Can We Convince Someone Else To Change?
People often wish someone important to them would change a particular behavior or trait. How realistic is it to believe that can happen?
First, if the behavior is dangerous (e.g. hitting, reckless driving/road rage, any addictive behavior that leads to abuse, or any kind of sexual, child or elder abuse), get yourself and involved others to a safer place. Those behaviors can change—but people aren’t always ready to admit that what they do is dangerous. Assess your own safety position carefully, and get outside help if needed.
However, people mostly wish work colleagues, family members or friends would change less serious behaviors. Most commonly, people want a partner, close friend or relative to change certain frustrating things they do or say.
Before deciding whether to ask another person to alter certain behaviors, one should always ask: how important is it to the relationship that this behavior be changed? You have to decide whether this is an annoying but trivial thing, or truly hurtful—seriously damaging your connection to each other.
Asking someone to change a behavior they may not even realize annoys (or hurts) you is a sensitive matter. The person might feel attacked, or think the request unjustified. Of course (optimally), they’ll be willing to listen—and truly make an attempt to behave differently.
We’re all sensitive to criticism at some level, so being asked to change something about ourselves can feel like implied criticism. Our defenses can rise quickly. So, first decide if this behavior annoys you, but will not ultimately damage the relationship. In general, ask for changes only in matters that seriously impact your relationship, to avoid the other person either learning to tune you out, or becoming highly (and reactively) habitually defensive.
Assuming the other person is open to listening, it helps to use “I messages” (how that person’s behavior affects you, not what you think of them for doing it!), and move at a pace that allows them to have a dialogue with you. If they’re open to change, be specific about what you need, don’t make them guess.
There’s one other way to bring about change in relationships. This has the hardest-to-predict outcome, but will allow you to take more responsibility for what you want. If reasonable and respectful attempts have been made to request a legitimate change, but it still does not occur, then the person who must change is: You.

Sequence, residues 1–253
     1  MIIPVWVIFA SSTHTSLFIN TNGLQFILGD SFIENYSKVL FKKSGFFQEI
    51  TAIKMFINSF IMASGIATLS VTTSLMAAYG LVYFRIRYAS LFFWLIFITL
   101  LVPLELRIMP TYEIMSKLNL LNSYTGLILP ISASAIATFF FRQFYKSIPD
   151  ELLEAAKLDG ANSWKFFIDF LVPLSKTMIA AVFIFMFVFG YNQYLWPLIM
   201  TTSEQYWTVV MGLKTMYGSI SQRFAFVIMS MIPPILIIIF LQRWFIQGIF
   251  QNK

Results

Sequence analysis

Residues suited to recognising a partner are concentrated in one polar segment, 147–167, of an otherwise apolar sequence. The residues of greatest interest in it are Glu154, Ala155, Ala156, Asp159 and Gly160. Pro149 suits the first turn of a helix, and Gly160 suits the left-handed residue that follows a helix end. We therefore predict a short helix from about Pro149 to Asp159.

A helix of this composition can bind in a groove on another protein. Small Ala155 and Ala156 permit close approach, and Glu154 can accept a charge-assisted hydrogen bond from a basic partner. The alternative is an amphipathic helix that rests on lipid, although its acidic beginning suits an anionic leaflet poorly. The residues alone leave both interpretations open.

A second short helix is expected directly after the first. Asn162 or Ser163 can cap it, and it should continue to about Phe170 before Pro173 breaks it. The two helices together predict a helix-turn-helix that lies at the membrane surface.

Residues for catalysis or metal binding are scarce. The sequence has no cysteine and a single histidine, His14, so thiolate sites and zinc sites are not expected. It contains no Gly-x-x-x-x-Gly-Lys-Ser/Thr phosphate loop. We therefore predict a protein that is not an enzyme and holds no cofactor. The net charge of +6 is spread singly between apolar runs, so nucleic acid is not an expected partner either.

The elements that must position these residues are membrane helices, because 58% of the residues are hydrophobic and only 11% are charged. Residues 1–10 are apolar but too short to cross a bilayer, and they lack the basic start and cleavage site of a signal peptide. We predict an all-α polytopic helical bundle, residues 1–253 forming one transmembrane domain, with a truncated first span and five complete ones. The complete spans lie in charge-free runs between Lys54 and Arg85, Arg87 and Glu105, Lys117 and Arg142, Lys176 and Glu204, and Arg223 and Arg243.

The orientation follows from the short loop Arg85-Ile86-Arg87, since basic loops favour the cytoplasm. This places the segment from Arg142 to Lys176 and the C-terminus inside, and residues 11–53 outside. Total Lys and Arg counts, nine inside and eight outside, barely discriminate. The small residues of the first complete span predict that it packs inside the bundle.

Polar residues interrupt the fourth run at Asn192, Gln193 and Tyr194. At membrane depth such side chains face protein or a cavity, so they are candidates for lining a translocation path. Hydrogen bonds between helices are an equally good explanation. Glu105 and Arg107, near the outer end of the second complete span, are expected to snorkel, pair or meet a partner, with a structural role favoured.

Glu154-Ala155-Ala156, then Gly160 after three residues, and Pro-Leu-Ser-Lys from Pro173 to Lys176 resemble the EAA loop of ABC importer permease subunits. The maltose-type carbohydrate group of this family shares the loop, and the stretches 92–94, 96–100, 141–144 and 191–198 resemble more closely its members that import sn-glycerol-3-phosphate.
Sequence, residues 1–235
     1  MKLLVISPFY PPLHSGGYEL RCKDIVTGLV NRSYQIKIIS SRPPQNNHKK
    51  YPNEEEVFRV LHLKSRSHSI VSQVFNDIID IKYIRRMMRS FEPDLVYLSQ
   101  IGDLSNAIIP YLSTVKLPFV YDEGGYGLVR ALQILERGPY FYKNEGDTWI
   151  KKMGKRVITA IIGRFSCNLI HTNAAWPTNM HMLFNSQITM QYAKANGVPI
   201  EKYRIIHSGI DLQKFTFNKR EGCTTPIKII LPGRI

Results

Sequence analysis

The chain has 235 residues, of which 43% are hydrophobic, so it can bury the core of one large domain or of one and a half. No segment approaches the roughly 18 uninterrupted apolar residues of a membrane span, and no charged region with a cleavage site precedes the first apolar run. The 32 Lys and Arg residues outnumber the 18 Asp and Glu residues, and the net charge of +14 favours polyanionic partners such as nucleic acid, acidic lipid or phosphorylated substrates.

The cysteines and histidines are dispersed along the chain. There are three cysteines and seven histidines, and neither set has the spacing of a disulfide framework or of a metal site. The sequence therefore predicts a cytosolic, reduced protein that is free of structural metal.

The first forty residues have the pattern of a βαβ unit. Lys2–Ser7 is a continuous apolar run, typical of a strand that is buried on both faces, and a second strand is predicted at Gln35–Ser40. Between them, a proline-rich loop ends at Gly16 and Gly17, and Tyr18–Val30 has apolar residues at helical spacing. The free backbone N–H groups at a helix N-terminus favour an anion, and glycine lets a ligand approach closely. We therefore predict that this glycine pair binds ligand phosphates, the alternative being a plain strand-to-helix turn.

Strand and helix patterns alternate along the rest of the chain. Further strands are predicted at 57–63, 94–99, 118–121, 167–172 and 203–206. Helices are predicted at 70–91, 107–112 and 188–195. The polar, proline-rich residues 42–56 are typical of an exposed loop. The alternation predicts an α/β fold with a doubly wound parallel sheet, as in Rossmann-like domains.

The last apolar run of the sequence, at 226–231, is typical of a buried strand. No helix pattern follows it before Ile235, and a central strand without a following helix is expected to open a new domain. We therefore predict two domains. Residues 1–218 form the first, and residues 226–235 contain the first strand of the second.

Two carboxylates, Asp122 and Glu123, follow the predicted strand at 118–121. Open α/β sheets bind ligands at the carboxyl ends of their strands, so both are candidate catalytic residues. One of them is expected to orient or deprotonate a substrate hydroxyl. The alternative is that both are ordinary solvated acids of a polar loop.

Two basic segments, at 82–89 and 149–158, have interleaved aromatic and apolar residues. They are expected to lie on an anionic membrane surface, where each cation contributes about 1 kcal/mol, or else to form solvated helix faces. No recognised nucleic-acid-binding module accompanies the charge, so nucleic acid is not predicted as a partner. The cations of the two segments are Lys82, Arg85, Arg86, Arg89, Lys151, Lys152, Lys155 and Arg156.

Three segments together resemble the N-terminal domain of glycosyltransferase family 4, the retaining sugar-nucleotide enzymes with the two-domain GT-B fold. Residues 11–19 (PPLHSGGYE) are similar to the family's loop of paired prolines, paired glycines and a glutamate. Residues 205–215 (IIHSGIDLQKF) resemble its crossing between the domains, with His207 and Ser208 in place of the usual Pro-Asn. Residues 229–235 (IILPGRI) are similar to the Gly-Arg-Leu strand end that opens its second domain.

Whenever anyone significantly alters how they behave, people around must adjust their behavior in response (even without realizing it). If you need something to be different so that you can be comfortable around a particular person, and they don’t seem likely to respond—you can change your behavior. It doesn’t mean you’d stop being their friend or caring about them, but you would interact with them differently around that particular behavior. You would be in a mode of acceptance, and choosing effective means for being okay with that.
Changing the way one responds to certain actions—while still conveying your care and connection to the other person, often brings about powerful changes inter-personally. But even if it doesn’t, it will leave you feeling far better about yourself because you won't be left feeling powerless to do anything about the way another person acts around you.
Therapy is a good place to explore ways to bring about changes that lead to a more mindful, satisfying and effective life. When we don’t feel powerless in situations, it is easier to interact with others, even if they do things that we don’t like.